Tools & Talismans #30 — Jude Stewart
In the piece that Jude Stewart wrote to accompany her Tools & Talismans photo, she references an article she wrote about her grandmother’s matchbox collection (see below) and how the article gets at an aesthetic feeling of “the beauty of fleeting or forgettable things.”
So many of these collections people have chosen to photograph and write about for my Tools & Talismans project could potentially be put in the category of fleeting or forgettable, and yet, in the moment that these objects were chosen, they hold some importance, and possibly some measure of deep value.
It’s one of the aspects of this project that fascinates me — it’s a facet that I thought about before I conceived of it as the project it’s become, and again when I started receiving people's photographs, but the measure of trust and depth that I feel, seeing each submission come in, reinforces my own belief in the ultimate truth that what we notice, what we put our attention to becomes more valuable than all the riches we could ever imagine.
And now, on to Jude:
ORANGES by John McPhee is hands-down my favorite book. It started as a slender writing assignment: a trend piece for The New Yorker about the rise of orange juice concentrate in the 1960s. The article was supposed to ask a sort of audacious, even ridiculous question: was fresh OJ becoming obsolete? McPhee turns the humble orange in his writerly palms, considering it and illuminating it from every angle. His work is sumptuous, curious, funny, well-researched, eminently observant. He renders an everyday object visible and dense with meanings — my goal as a writer as well.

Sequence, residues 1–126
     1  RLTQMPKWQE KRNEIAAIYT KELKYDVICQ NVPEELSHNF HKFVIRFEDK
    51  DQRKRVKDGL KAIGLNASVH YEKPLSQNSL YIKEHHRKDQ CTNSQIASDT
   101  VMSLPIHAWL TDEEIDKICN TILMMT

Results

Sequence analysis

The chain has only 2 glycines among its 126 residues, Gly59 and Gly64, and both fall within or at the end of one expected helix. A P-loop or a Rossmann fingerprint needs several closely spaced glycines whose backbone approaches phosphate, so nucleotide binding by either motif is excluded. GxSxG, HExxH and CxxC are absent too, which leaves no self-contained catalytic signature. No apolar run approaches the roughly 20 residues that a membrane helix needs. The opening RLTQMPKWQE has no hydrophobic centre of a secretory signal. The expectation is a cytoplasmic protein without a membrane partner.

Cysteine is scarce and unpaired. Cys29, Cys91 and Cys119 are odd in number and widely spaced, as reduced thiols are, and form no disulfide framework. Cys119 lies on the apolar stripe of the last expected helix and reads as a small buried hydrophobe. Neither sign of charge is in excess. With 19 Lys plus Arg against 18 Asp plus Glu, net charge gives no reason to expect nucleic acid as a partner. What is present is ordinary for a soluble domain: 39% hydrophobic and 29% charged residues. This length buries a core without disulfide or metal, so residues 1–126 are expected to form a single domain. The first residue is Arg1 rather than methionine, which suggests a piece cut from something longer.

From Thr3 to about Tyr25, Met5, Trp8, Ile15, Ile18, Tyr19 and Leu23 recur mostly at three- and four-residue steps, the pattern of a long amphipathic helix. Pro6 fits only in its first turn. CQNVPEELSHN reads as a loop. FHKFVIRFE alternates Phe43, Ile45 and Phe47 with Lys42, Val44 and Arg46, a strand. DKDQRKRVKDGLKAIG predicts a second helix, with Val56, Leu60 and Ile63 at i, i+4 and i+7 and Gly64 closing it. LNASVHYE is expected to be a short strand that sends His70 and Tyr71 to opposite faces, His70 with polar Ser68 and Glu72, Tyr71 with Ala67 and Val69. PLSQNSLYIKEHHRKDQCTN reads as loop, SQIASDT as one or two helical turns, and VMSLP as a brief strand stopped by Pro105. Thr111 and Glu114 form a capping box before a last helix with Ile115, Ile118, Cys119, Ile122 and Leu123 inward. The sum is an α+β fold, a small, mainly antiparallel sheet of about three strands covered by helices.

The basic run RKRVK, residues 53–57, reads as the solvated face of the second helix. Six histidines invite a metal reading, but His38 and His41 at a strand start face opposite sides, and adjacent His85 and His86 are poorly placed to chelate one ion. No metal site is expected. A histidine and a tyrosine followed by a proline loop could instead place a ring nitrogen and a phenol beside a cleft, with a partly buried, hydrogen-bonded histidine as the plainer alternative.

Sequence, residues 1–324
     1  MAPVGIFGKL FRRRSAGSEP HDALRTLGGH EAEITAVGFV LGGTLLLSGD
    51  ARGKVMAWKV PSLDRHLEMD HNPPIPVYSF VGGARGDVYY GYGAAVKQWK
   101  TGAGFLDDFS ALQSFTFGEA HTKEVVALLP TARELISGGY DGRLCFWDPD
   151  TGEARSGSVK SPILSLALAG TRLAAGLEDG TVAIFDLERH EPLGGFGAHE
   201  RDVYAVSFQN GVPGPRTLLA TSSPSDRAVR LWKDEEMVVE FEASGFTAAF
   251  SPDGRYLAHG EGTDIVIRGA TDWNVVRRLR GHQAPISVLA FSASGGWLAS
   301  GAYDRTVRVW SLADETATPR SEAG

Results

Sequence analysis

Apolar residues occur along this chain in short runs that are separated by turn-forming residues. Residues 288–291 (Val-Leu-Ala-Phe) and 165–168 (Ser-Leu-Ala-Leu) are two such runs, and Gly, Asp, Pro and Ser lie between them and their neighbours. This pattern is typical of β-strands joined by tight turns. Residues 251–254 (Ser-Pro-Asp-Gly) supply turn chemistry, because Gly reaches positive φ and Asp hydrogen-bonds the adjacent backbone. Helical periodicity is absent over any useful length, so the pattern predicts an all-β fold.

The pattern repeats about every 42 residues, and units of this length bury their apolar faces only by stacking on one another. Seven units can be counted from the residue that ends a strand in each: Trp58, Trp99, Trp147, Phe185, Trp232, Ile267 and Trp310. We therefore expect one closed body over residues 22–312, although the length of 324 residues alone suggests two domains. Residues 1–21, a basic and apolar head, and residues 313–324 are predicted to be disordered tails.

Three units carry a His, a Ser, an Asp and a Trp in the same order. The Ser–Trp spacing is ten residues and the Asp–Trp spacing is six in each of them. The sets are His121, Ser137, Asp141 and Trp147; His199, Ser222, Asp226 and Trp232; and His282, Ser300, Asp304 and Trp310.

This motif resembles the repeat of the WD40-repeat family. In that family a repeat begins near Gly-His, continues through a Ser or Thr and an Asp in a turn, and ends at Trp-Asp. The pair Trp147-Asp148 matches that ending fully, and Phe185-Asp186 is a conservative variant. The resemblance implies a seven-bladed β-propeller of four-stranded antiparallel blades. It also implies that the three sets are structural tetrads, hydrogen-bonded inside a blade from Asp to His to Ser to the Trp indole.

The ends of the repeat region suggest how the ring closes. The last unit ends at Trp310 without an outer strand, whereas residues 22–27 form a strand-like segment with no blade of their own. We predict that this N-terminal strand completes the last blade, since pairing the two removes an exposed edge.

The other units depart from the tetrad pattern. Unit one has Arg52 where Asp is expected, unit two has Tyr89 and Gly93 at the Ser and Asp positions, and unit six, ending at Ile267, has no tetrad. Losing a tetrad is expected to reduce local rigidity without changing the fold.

The Berlin flag has been with me for a decade. My husband and I have spent long stretches living in Berlin, so I consider our relationship to the city both a talisman and, occasionally, a creative tool. We're eager to unpause our annual travels there and bring our son Lev to our favorite city in summer 2016. Incidentally, as a graphic design writer I love the crispness of a good-looking flag like Berlin’s. Our other hometown Chicago has a smashingly handsome flag that appears everywhere. It’s an unbeatable icon of the city. A great flag embodies everything I want to write about: the distillation of teeming meanings into sharp, distinctive, hopefully witty design. Berlin’s flag is a pun on the city’s name, a homonym in English and German for “bear” (Bär).
Library card: I’m a nonfiction writer besotted with the thrill of finding out something strange that’s actually also true. At the same time, I’m well aware that creative nonfiction bends reality to the narrator’s ends and that truth is only its raw and most stimulating material. Libraries are indispensable to oddballs like me: reliable, well-ordered troves of potential surprise.
Gym lock: I can’t write well without sleeping well, and for that exercise is key. Also, I have a toddler son, so exercise is that rare commodity: me-time.
Highlighter-yellow: I’ve written a book about color, ROY G. BIV — and as such you get asked a lot what your favorite color is. I had to think long and hard about that, but then I realized it was dumb-obvious: an acidy lemon-yellow. I own six pairs of shoes in this shade, unbelievably enough, and scads of accessories to boot. This color brings me tremendous energy and cheer, and it’s funny as hell somehow. It also matches nothing — therefore goes handsomely with everything.
Last but not least are the three matchboxes in the middle. I wrote an article for Design Observer about my grandma’s matches collection, which spans the 1940s to 1970s (with my own, more contemporary additions). That essay gets at a certain aesthetic feeling I prize: the beauty of fleeting or forgettable things. I love this quote by the art critic John Berger: “The ephemeral is not the opposite of the eternal. The opposite of the eternal is the forgotten.” That pretty well sums up what I'm trying to notice, and capture, in my writing.
Jude Stewart is a Creative Writer and Visual Culture Observer.